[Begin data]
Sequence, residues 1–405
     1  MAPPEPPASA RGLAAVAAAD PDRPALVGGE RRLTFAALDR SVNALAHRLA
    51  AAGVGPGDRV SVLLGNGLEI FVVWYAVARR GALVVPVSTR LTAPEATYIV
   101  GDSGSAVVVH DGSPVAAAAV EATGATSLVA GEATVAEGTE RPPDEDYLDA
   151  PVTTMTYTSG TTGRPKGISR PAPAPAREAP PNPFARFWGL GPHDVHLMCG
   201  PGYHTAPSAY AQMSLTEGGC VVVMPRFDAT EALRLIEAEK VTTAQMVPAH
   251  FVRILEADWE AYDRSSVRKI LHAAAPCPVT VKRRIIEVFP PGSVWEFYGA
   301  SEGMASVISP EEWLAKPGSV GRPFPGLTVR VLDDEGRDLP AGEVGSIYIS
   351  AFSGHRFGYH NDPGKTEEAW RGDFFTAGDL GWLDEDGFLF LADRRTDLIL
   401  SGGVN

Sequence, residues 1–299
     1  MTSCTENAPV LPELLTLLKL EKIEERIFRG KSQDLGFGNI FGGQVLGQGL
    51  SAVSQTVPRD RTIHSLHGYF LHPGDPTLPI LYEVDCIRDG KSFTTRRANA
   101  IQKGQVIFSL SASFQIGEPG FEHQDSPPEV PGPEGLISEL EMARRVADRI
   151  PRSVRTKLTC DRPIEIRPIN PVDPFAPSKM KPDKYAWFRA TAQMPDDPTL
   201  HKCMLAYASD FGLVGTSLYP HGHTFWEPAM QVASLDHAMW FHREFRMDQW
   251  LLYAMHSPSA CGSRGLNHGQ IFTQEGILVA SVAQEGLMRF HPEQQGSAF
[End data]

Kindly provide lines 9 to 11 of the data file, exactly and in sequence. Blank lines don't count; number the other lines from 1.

   351  AFSGHRFGYH NDPGKTEEAW RGDFFTAGDL GWLDEDGFLF LADRRTDLIL
   401  SGGVN

Sequence, residues 1–299